Yet more Atlantic narratologizing, courtesy of the Internet:
Dear Rui Dias,
I am attaching a file with my contribution to Theorizing Narrativity. Thank you for your interest in my work; it is a benefit to have good readers... above all if they are not too hard on one's limitations! Anyway, there are as many narrative theories as narratives (almost) and maybe you will find things both to agree and to disagree with here. By the way, if you intend to come back to narrative theory, are you subscribing to the University of Ohio Narrative-L e-mail distribution list? There are often stimulating discussions on narrative theory there, if you don't mind having a bit too much mail in your inbox occasionally.
All best wishes,
PS: Maybe you already know, but in case you decide to go on there are more papers of mine available online, here:
Dear Prof. Garcia Landa,
Thank you very much for your most interesting paper, which I have just printed to read this weekend.
There is something, however, I would like to draw your attention to right now. On p. 2, you claim that «it is significant that Percy Lubbock proposes 'showing' and 'telling' (not 'saying' or 'speaking'). Well, I think that Genette will have remarked, somewhere in his «Nouveau discours du récit» (which you refer to in its English version), that Lubbock never explicitly used these terms, and I also have the strong feeling that I never came across them when reading «The Craft of Fiction» --- one of the masterpieces of New Criticism on a par with J. W. Beach's «The Twentieth Century Novel». Furthermore, in a footnote to his well-known article «Point of view in fiction: the development of a critical concept», Norman Friedman makes an attempt to trace back the origin of the 'showing--telling' distinction and the name he comes up with is certainly not Lubbock's. Be that is it may, I will have to check all this back home, since I have none of the material referred to above as I scribble this note.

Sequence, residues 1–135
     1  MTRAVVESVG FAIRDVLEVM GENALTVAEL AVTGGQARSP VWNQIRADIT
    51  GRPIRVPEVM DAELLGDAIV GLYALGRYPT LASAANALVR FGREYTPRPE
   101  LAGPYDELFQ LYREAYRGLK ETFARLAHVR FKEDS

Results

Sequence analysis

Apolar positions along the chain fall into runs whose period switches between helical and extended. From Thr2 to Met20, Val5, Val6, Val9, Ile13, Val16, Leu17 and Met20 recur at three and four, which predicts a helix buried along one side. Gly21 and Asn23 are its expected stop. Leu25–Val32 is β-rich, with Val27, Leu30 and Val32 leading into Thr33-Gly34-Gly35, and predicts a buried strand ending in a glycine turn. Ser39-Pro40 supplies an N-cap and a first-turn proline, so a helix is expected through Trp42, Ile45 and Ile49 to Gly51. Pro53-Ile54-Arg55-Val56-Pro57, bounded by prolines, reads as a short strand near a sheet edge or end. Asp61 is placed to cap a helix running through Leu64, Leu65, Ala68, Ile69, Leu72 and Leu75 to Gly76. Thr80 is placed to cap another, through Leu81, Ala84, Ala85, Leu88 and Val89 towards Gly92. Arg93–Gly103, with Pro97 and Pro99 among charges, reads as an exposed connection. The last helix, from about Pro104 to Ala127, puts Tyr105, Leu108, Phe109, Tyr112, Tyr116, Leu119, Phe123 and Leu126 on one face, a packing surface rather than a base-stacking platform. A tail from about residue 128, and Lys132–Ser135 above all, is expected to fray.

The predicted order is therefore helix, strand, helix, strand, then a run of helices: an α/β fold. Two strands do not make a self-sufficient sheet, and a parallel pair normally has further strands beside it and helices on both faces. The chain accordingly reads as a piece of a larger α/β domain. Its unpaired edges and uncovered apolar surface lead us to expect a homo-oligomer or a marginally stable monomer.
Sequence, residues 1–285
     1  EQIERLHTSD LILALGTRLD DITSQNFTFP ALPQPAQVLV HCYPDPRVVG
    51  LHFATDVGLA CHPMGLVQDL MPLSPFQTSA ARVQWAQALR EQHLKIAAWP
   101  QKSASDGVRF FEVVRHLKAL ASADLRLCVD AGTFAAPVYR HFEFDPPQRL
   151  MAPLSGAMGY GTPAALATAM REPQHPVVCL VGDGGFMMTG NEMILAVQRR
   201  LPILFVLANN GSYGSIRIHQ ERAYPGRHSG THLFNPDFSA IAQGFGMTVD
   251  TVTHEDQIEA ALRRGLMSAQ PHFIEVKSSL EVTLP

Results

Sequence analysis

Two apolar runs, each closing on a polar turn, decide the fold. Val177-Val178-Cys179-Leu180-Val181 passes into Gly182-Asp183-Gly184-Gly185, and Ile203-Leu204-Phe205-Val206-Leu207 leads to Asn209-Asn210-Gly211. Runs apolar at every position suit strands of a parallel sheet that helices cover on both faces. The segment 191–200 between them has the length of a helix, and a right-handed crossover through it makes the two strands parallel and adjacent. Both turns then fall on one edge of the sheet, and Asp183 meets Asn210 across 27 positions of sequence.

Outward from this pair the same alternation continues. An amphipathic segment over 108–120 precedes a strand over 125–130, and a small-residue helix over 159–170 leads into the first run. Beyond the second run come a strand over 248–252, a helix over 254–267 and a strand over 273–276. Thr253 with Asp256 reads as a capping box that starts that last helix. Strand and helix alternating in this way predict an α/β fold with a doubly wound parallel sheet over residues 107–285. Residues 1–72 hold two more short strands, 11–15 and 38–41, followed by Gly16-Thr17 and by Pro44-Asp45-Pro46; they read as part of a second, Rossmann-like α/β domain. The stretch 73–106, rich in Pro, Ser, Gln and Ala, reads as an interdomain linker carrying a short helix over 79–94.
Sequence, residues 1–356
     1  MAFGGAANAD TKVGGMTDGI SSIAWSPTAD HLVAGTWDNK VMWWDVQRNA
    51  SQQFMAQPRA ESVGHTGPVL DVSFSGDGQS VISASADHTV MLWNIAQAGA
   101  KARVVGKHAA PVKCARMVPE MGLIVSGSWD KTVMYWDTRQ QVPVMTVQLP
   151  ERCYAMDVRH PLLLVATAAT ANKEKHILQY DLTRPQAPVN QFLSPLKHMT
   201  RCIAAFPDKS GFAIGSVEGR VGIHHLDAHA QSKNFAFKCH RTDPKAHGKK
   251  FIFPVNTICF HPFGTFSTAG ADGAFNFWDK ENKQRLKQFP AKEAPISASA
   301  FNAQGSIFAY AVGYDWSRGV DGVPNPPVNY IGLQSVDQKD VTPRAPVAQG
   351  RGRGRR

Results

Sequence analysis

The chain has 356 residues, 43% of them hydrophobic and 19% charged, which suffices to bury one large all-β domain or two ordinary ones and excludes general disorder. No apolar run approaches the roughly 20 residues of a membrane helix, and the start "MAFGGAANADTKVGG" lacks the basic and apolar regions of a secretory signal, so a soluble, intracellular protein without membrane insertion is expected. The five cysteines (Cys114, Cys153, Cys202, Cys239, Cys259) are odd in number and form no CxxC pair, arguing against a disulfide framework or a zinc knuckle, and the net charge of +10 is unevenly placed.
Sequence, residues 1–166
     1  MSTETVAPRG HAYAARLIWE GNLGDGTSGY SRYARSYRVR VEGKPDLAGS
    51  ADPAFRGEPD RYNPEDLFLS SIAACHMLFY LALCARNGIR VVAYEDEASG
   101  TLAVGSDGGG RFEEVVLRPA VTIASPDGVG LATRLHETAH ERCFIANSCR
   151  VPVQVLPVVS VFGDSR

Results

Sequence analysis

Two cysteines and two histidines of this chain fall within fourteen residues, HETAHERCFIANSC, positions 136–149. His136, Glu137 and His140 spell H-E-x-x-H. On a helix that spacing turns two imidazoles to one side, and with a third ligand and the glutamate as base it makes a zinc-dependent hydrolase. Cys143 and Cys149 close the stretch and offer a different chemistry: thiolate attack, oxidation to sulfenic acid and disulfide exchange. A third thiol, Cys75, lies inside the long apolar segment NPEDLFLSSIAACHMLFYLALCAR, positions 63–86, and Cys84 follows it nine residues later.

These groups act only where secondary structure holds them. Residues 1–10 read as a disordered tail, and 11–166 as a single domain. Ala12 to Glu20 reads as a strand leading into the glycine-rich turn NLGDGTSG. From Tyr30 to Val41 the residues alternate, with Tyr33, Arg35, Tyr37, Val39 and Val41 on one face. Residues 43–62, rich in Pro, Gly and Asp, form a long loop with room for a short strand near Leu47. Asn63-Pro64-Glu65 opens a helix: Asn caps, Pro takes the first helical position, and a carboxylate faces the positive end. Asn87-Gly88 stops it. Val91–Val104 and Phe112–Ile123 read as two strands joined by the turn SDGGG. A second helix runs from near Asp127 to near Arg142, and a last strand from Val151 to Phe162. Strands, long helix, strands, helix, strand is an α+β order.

If you wish me to make any further comments upon reading the paper, please just let me know. Thanks again for sending it to me.
Yes, by all means, if you have any comments to make on the paper I'm all for it, I quite like to reconsider my views and see complementary perspectives on these issues. So you're quite welcome, with thanks!
As to the Lubbock concepts, the whole of his Craft of Fiction is devoted to a discusson of these contrasted ways of conveying a story, through direct statement or through inference and suggestion. The precise terms vary, and he uses a great number of alternative formulations (e.g. stating and dramatizing, etc.). But he does use, of course, the verbs "show" and "tell", or "showing" vs. "telling", among others, no matter what Genette may say!
E.g. on page 62 of the 1926 edition (Jonathan Cape, Traveller's Library) of The Craft of Fiction:
"I speak of his 'telling' the story, but of course he has no idea of doing that and no more; the art of fiction does not begin until the novelist thinks of his story as a matter to be shown, to be so exhibited that it will tell itself" (italics and inverted commas by Lubbock).
Anyway, I only referred to Lubbock as perhaps the most clear, definite and insistent propounder of these views—but of course much the same may be found in comments on technique by Henry James, or in Friedrich Spielhagen, even in Dickens! Stendhal too said much the same, opposing his showing the story to the reader to other novelists' telling it. Of course using French terms; but beyond the exact terms, which may vary, the basic notions are common enough before Lubbock. Of course, each theorist will add his own perceptions and connexions, to this issue which has been worrying narratologists' minds perhaps going back to Aristotle!
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Blog de notas de
José Ángel García Landa
(Biescas y Zaragoza)
"Algo hay en el formato mismo de los blogs que estimula un desarrollo casi canceroso de nuestro ego" (John Hiler)